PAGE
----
Sealing the Book

Every year in this week between Rosh Hashannah and Yom Kippur I ask the same question:

“How could anyone leave the name of a beautiful six year old out of the book.”

The book.

The book of life has entries for everyone who will live another year. Your name is entered – or not – on Rosh Hashannah and the book is sealed on Yom Kippur.

What an odd concept.

In just a few hours from now this year’s book is sealed. If you believe in that literally, then at that point it is determined whether or not you will be around a year from now.

I have many questions.

There’s the legal question. Does it close at the end of Yom Kippur local time? I mean, I’m here in Cleveland. Is my fate sealed an hour before my sister’s is sealed in Chicago and three hour’s before my brother’s in California?

Come to think about it; what about my sister? She was home for Rosh Hashannah but here for Yom Kippur. If she was entered into the book according to the Chicago time zone then does she have an extra hour now that she’s here in Cleveland?

You’d think that maybe you have until Yom Kippur ends for the people in the last time zone on earth. No more Yom Kippur anywhere. Let’s close the book.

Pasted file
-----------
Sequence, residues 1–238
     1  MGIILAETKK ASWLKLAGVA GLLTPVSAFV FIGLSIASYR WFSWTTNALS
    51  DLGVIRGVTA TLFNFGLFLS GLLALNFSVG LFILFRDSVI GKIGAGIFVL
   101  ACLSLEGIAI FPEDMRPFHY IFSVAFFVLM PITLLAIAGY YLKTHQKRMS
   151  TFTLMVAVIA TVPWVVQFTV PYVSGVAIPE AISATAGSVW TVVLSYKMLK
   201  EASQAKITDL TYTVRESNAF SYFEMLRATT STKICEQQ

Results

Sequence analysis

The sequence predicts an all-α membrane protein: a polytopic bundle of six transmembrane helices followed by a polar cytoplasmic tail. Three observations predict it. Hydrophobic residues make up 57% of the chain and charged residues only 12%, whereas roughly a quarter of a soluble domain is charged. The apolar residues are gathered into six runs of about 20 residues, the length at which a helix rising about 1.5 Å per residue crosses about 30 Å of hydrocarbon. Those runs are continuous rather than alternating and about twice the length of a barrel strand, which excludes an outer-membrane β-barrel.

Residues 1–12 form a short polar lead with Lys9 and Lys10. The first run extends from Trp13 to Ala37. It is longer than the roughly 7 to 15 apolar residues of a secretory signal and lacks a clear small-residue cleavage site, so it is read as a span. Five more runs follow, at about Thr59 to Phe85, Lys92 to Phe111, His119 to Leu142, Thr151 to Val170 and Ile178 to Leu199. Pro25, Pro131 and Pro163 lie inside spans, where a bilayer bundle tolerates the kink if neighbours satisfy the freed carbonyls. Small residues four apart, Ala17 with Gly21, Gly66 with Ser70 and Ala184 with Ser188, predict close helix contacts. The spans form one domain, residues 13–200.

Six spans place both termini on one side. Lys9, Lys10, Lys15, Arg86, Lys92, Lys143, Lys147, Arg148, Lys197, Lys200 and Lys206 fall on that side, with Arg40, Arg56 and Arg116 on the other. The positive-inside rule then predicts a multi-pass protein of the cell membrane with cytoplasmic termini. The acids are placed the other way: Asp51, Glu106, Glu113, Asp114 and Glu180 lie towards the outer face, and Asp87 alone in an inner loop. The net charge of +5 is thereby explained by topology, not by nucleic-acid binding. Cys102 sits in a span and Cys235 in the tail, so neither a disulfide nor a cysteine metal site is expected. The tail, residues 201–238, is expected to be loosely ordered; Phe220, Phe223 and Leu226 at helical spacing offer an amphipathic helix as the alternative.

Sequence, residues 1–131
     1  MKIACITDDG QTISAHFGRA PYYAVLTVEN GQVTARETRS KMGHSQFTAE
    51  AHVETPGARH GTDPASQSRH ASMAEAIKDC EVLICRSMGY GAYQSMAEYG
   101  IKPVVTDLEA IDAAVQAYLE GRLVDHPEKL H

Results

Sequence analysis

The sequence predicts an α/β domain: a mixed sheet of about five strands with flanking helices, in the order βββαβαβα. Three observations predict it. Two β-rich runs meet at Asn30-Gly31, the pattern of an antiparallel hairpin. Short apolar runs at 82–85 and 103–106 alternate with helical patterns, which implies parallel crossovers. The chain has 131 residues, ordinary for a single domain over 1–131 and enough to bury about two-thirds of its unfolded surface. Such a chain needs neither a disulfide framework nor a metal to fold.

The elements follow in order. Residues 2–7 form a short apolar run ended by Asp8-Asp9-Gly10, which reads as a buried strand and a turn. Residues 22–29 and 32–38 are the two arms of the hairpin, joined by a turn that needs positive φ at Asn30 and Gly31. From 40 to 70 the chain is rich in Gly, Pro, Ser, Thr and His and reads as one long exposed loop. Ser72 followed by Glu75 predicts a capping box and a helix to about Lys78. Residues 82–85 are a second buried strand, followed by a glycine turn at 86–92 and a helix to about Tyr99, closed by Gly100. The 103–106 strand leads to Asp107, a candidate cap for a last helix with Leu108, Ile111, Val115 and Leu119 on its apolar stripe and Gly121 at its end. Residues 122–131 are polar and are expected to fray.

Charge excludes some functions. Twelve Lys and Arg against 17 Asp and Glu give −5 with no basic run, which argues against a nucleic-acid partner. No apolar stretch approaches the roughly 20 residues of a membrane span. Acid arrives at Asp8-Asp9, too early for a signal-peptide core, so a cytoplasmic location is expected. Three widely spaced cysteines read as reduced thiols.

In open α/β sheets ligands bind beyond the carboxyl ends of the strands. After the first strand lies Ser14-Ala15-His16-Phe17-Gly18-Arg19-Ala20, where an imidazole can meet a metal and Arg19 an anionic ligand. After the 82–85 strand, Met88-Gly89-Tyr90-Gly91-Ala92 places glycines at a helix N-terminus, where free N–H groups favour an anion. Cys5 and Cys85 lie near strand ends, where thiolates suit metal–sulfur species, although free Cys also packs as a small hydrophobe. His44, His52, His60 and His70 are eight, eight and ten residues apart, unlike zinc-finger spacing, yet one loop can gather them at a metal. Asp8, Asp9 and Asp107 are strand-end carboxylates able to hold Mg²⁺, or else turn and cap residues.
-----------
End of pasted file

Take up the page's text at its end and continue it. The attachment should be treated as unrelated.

I have other questions.

If it’s known who isn’t going to make it through the year, why not just make it happen the day after Yom Kippur. Sure, you’d dread this day but once the day is over you could breathe more easily for another year.

And what about disasters?

If you are thumbing through the book, wouldn’t you have noticed a bump in New Yorker’s dying on that day in September twelve years ago. You would have known for a whole year that something awful was going to happen. You probably would have noticed that a lot of these people named in the book worked in the same building.

I guess, if my name is sealed in the book, there’s nothing to be done.

I ask questions. I have so many to ask.

Really, I’m not so very religious that I literally believe in this book of life.

If it existed, I’d want answers about why Elena’s name was left out eight years ago.

What we believe in tells us a lot about ourselves. What we believe collectively is a rich source of social knowledge as well.

What drove us to believe in this book of life? It must have comforted us. It must have helped us to believe that we can’t prevent loss.

How is that comforting?

And what about infants to be born who are not yet conceived. Does the book know which of these will survive?

So many questions.

This book.

This book that I don’t believe in.

I hope Maggie, Kim, and my names are in it when it is sealed tonight.

Published in: on September 14, 2013 at 4:39 pm  Comments (2)  

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2 CommentsLeave a comment

  1. I have been reading your blog for well, many years. I do not have children. But your story of loss…and moving on is moving. From your blog, I can sometimes picture your two daughters talking to one another even though one of them is no longer physically present. *hug*

  2. in this article I can sedikkit insight … thank you for your knowledge


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